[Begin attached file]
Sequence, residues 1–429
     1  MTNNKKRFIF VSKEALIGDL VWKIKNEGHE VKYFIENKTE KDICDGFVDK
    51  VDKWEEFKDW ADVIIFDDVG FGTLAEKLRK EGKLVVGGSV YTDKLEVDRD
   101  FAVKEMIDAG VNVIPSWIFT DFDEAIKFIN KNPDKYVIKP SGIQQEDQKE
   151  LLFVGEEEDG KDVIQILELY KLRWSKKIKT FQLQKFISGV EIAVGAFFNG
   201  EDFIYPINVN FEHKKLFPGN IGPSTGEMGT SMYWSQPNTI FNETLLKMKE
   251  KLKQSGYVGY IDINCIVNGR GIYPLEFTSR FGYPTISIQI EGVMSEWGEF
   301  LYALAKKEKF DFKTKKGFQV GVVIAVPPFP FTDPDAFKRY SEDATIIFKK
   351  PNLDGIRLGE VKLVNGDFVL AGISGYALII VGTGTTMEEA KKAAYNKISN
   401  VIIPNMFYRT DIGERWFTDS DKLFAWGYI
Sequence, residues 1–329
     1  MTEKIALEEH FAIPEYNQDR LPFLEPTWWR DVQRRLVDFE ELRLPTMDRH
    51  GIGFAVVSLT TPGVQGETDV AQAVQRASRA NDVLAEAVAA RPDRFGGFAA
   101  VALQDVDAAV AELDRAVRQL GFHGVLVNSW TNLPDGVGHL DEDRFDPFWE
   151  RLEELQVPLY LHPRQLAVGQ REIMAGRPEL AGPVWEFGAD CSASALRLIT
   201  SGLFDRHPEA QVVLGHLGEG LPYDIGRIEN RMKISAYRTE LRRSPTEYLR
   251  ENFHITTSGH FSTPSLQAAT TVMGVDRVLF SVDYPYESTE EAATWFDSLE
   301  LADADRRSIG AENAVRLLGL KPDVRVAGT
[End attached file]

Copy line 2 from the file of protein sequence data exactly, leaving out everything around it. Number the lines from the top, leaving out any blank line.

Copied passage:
     1  MTNNKKRFIF VSKEALIGDL VWKIKNEGHE VKYFIENKTE KDICDGFVDK